This book is an interesting account of people and religion about which so much was not known to me. The author has divided the book into three parts and seventeen chapters. He has used a simple, flowing language making the facts sound like a story and pulling the reader in. The book talks about how the land of seven rivers (yes, seven) gets its name as Pentopotamia or Panj-ab. He also talks about the geography of the state, the shape, the boundaries, the rivers and the mountains. The author has also talked about the landscape, the climate, the seasons and the flora- fauna of the state. The book then talks about the various, people and the how the language was developed and then about Chandigarh and Panipat. The author goes on to tell about the Sikhs- who they are and also the reasons why Sikhism is a unique religion and why the Sikhs are a special community. The author talks about Guru Nanak and his ‘Shish’ disciplines which became Sikhs and the roots of Sikhism. Then there is the relationship between the Hindus and the Sikhs. The author goes on to talk about how the Sikh order changed from peaceful one to a militant organization under the last Guru and then about the Nirankaris. The author talks about the partition, Sikh politics, the riots of 1984 and the aftermath. And then he talks about the well known Punjabis. I liked the book and felt that it was an eye opener.
If you're someone who loves reading about culture and history combined this book is for you. Don't miss it!
Punjab, Punjabis & Punjabiyat is a communicative book about the land, it's people and their persona. Punjab's history from its name, to the rulers that influenced the life of their subjects, religion, culture and politics are articulated with great excellence.
The origin of Sikhism and it's changing nature along with the influence of other Sufi saints take a significant part of the book.The barbaric Mughal rule affected a peaceful Sikh religion to turn to a martial sect unfailing to give up on it's foundations but also ready to raise weapons for protection from the unethical ways of the enemy. All was well till Akbar, the Mughal emperor ruled the country post his death things became difficult for followers of the Sikh and Hindu religion leading to continuous changes in Sikhism itself.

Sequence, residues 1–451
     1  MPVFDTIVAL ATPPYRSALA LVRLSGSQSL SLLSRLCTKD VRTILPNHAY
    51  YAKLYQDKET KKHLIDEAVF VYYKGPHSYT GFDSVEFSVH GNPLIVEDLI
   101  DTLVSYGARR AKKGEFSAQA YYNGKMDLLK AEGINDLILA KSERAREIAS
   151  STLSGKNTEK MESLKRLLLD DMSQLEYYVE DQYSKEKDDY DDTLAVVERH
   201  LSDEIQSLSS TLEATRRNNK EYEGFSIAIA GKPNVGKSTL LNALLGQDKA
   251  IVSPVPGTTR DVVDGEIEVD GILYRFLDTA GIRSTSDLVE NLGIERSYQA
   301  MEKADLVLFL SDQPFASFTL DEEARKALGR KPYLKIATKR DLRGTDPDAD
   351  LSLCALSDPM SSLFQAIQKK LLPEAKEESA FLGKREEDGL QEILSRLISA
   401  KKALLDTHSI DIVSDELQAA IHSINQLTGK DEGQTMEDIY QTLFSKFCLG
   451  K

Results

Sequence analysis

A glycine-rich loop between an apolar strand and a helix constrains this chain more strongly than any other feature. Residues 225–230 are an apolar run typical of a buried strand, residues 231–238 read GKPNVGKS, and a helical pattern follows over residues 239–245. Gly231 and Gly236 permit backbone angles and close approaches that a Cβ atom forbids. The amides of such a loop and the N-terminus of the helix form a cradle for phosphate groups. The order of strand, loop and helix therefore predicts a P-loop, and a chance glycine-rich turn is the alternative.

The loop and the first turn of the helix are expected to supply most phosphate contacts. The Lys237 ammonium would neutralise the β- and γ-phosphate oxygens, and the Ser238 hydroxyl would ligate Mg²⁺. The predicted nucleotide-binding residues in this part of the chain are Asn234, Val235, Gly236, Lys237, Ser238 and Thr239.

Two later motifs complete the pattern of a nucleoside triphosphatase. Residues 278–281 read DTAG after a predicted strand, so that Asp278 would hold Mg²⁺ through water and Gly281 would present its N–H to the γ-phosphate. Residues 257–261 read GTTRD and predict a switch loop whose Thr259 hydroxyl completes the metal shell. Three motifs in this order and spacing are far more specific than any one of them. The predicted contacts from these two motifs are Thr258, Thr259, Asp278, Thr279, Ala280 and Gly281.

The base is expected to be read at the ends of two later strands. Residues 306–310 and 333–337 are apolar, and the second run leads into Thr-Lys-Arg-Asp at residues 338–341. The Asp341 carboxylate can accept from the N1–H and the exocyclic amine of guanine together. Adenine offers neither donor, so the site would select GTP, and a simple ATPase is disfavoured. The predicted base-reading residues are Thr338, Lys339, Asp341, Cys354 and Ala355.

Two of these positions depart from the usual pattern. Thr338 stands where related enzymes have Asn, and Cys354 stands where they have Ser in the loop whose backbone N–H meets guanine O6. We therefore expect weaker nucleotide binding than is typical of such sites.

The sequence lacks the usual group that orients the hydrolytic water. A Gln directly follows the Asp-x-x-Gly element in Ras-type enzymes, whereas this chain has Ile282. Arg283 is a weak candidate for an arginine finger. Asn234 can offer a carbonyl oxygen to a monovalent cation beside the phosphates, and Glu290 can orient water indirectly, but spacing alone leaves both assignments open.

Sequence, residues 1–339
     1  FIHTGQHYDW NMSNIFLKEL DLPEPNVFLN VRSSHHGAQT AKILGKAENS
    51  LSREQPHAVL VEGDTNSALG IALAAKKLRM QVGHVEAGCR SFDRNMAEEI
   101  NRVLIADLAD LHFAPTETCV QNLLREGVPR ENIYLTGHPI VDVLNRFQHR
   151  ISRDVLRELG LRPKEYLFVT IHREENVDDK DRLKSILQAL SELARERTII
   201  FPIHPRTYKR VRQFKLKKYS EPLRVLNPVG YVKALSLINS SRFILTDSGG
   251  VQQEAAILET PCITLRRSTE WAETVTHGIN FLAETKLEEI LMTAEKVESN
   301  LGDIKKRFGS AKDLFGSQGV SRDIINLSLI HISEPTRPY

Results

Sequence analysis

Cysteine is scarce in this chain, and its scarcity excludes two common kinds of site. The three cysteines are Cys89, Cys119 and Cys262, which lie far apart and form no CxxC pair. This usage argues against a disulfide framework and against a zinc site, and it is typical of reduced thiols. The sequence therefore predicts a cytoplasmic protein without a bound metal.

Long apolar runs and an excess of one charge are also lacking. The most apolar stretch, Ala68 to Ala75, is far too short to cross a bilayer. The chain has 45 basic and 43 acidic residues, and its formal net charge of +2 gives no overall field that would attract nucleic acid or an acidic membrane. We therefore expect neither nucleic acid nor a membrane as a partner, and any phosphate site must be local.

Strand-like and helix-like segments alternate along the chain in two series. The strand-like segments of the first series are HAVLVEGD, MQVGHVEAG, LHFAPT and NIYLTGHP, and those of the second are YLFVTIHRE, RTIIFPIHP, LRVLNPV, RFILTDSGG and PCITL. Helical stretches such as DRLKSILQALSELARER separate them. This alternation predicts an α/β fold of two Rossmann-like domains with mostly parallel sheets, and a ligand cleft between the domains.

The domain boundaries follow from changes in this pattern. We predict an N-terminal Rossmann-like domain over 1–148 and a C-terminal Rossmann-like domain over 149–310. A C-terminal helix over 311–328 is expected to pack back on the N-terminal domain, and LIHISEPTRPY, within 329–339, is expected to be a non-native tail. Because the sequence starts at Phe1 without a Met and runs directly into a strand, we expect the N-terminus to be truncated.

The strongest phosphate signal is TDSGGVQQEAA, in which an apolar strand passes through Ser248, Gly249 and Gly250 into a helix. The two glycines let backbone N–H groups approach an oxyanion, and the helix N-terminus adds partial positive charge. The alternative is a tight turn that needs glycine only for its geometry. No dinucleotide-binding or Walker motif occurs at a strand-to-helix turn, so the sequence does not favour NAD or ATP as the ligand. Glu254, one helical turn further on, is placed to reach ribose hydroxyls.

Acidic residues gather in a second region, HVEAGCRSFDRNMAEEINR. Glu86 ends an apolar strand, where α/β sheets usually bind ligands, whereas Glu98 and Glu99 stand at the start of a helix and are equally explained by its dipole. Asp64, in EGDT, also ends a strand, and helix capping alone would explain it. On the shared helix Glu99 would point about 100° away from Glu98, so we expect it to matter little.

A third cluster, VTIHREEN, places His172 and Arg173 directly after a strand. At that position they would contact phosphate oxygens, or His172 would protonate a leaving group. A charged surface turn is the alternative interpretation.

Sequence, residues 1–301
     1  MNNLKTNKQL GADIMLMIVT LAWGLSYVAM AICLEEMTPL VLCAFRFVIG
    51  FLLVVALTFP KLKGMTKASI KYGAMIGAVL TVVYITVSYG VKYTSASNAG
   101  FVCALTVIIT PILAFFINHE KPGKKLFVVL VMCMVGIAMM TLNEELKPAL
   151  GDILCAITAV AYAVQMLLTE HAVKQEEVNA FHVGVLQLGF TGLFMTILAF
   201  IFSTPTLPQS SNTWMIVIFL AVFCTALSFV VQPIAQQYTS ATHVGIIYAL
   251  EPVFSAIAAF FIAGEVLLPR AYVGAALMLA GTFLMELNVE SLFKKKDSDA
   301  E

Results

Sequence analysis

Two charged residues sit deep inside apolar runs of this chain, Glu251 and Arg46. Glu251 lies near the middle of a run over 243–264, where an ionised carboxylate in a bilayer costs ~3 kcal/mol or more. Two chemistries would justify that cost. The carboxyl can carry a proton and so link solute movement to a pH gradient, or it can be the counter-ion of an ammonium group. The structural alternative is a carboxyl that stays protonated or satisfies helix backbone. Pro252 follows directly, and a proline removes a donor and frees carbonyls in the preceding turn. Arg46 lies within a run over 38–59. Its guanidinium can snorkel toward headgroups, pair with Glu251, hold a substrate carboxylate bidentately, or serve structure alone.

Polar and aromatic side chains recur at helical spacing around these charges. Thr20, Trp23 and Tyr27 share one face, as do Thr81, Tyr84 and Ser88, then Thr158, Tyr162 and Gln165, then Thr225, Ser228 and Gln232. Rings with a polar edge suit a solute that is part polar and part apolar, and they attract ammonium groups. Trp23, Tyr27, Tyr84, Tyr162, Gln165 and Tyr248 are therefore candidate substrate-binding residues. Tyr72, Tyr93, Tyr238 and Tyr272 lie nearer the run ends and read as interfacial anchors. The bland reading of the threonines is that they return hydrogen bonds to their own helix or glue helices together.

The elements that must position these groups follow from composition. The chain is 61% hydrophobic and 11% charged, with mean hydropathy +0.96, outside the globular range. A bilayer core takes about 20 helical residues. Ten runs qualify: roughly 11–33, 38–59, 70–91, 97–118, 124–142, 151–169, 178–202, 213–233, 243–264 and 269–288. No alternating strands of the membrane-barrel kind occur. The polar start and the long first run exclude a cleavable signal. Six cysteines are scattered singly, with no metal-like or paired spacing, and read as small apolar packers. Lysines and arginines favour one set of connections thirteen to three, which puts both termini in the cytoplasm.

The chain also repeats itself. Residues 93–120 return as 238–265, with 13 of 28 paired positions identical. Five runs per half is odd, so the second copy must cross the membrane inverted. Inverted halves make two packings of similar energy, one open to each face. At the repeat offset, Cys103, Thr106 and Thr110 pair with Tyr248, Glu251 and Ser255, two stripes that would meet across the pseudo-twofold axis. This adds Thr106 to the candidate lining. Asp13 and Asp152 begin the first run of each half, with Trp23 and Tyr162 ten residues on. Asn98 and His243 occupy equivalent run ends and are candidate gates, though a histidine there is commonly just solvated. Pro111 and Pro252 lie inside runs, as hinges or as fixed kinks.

The book talks about Punjabi way of living, Punjabi folk and literature which is mainly that of the 10 Sikh Gurus and their contemporaries. Much later in it's history did the land have some great writers, Nanak Singh being the most famous and highly read. Amritsar- the holiest destination of the Sikhs and many Hindus gets a beautiful description which makes it's history clear and relevant to those dangling in confusion.
All I wished for was that, the poems/quotes and couplets written by the famous poets and writers were written in their original Punjabi/Urdu language words using English language and then had their translation and meanings described. This would not only let the rhymes stay but also create a deeper impact on the reader as poems and couplets composed from this part of the land are emotionally moving and profound by all means.
Khushwant Singh's early life and life post- partition along with some worth mentioning experiences make the reader peep into unfamiliar abyss of an unfamiliar lifetime. He unfiltered writing makes us see what has to be seen "as it is" with no preconceived notions about him and his life in Punjab.
Good book but repetition/ Reproduction of the book, The Sikhs, already written by Khushwant Singh long ago. Elaboration over 12 months(incidentally 2 months May and Dec are not included) is written eloquently like 12 mah written by many punjabi scholars in past as well.